Near-Infrared (NIR) absorbing chromophores have been valuable in analytical and bioanalytical chemistry. NIR probes and labels have been used for several applications, including solvent polarity, hydrophobicity, DNA sequencing, immunoassays, CE separations, etc. The NIR region (700-1100 nm) is more advantageous for the bioanalytical chemist due to the inherently lower background interference and the high molar absorptivities. NIR dyes can be used as simple probes to investigate biomolecule properties or just simply to detect the presence of biomolecules. Another typical application is the use of NIR fluorophores as labels. In these applications covalent labeling is the preferred method but it requires NIR dyes with appropriate reactive moieties. Due to the hydrophobic nature of NIR chromophores non-covalent labeling may be a viable alternative. For this purpose novel bis(carbocynines) have been developed in our laboratories. These dyes form intramolecular H-aggregates in polar solvents, even at very low concentrations. Spectral properties of this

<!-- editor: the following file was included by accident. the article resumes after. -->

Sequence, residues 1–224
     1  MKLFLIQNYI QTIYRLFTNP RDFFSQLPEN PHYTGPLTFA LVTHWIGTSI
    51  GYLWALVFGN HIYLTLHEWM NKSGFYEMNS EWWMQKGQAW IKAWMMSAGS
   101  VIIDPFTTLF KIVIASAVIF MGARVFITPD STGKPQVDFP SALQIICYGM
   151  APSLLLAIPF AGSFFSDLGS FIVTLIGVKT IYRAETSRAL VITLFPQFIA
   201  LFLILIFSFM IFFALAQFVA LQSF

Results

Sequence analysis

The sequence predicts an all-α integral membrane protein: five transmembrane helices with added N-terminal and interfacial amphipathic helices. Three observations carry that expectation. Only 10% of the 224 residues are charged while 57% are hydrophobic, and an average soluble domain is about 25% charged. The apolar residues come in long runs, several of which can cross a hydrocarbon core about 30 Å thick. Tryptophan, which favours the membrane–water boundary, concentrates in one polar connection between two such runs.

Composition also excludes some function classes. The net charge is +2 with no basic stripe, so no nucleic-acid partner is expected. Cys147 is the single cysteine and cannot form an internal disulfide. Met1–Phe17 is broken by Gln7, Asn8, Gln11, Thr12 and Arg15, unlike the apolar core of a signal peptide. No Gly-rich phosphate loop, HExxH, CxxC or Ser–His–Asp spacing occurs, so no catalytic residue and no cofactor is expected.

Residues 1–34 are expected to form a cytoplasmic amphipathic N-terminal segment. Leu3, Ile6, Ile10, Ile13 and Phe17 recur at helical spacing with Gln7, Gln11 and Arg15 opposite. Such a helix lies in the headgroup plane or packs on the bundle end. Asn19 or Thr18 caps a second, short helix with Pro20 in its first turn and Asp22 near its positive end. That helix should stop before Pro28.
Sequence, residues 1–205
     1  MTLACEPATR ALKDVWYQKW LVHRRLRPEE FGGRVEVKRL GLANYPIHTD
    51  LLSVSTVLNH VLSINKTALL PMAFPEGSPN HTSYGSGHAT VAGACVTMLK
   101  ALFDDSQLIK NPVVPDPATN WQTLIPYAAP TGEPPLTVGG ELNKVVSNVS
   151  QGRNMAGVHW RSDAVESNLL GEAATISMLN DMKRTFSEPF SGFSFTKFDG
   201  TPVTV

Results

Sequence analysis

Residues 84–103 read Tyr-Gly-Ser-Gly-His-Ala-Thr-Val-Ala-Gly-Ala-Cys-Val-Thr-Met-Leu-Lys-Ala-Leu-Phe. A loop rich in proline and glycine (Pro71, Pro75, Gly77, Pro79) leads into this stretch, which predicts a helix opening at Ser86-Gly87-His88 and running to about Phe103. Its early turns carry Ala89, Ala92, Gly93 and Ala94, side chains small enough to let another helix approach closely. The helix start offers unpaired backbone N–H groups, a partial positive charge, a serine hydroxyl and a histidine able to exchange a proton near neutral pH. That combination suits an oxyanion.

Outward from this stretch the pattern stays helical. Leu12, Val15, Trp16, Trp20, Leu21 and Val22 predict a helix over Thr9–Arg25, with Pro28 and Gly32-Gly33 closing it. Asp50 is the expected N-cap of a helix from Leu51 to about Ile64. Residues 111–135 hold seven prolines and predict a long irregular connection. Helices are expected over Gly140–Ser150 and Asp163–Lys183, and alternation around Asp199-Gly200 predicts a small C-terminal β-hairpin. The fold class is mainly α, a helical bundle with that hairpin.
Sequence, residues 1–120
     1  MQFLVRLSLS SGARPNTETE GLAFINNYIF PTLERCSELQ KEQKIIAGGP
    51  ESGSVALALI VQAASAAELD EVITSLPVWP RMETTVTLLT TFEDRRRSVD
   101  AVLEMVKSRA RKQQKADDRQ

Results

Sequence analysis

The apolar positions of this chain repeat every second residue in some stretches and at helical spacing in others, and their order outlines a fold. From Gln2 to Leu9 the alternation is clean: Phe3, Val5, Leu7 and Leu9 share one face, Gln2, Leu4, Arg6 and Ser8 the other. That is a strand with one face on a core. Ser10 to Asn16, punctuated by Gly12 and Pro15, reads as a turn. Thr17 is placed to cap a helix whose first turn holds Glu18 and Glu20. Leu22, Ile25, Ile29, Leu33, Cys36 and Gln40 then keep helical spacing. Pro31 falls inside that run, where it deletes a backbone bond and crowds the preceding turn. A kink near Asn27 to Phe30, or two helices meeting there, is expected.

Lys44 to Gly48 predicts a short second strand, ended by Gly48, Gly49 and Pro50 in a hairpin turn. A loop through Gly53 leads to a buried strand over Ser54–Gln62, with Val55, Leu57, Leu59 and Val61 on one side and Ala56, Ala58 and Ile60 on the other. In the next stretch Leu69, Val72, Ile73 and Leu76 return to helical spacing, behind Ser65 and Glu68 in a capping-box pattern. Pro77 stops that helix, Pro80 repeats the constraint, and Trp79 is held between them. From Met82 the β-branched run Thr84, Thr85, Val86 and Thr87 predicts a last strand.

intramolecular dimer greatly depend on the properties of heterocyclic moieties and the length, the location and/or flexibility of the connecting chain. This form of the dye can be described as a clamshell complex with two interacting hydrophobic carbocyanine moieties. This intramolecular H-aggregate has a low extinction coefficient and fluorescence quantum yield. Upon opening the clamshell that can be facilitated by changing microhydrophobicity (i.e., binding to biomolecules) the H-and D- bands are decreased and the monomeric band is increased, with concomitant increase in
fluorescence intensity. The main analytical utility of these bis(carbocyanines) is that the free dye (i.e., not complexed to an analyte) has negligible fluorescence in a typical aqueous buffer environment. Examples of different applications of these bis(carbocyanines) are given including forensic applications.